Historic Lancashire Travel Guide
The county of Lancashire is an interesting mix of bustling seaside resorts, industrial heritage, and peaceful countryside. Chief among the resorts is Blackpool, for over a century a favourite family holiday destination. Amusement piers and touristy tack notwithstanding, Blackpool offers something for everyone, including the world-famous Tower, which lords it over the seaside Promenade like an Eiffel Tower in miniature.
Visitors can ascend to the top of the 518-foot tower for superb views over the city and sea. North along the coast is Morecambe, a resort rival that is quickly gaining popularity among the family-fun set.
In the south of the county, the mill towns of Blackburn and Burnley recall the days when the textile industry ruled Lancashire. The Blackburn Museum & Art Gallery traces the history of the textile industry and its far-reaching effect on Lancashire life.
The county town of Lancaster straddles the River Lune. The great Norman castle of Lancaster was sacked by Robert the Bruce in 1322, but later impressively rebuilt by John of Gaunt. Look for the superb Gateway Tower, one of the finest in England, and the initials of Queen Elizabeth I on the battlements.
Lest you get the impression that all is hurly-burly in Lancashire, there are wonderful countryside oases of calm. The Lune and the Ribble Valleys offer delightful countryside for walkers and cyclists.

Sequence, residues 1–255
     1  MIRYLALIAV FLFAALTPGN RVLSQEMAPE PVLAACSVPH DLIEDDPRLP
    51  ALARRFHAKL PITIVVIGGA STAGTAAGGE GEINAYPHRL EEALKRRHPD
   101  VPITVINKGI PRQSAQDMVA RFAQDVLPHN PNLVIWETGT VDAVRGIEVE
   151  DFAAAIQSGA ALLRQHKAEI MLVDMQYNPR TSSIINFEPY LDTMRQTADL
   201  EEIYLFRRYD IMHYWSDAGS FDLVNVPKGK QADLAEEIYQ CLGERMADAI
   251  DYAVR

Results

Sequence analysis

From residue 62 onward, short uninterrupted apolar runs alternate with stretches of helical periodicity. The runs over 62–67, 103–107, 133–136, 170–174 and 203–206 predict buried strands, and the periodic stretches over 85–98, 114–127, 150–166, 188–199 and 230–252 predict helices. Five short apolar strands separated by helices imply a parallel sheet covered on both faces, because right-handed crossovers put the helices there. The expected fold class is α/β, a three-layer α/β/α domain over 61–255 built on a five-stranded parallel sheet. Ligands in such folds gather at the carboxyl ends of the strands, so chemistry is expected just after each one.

At Martin Mere the Wildfowl and Wetlands Trust offers visitors a chance to explore the county's flora and fauna close-up, while the RSPB Discovery Centre at Fairhaven Lake examines the multitude of migratory birds that make the Ribble Estuary their home each year.
Lancashire has its fair share of historic houses, too, none better than Leighton Hall, which is superbly situated in open parkland offering exquisite views of the Lakeland Fells. Hoghton Tower near Preston is the third house on this hilltop site since 1100.
The present Elizabethan building was the scene of James I's humorous knighting of a loin of beef in 1617. Apparently the king was so moved by the excellent beef he was served that he took his sword and knighted it "Sir Loin", giving us the term 'sirloin'.
Rufford Old Hall near Ormskirk is one of the finest Tudor houses in the country, boasting marvellous timber roofing and carved oaken furniture.
Pendle Hill soars above eastern Lancashire, offering splendid views to reward walkers. The Pendle Witches Trail, which leads from the hill to Lancaster, recalls the unhappy history of six residents who were convicted of practising witchcraft and hung in 1612. More happily, his experiences at Pendle Hill inspired George Fox to found Quakerism.
At Sawley, the remains of the Cistercian abbey stand on the banks of the Ribble, while at Whalley Abbey the chapter house and two gateways recall another Cistercian monastery. The parish church at Whalley also boasts some superb pre-Conquest crosses.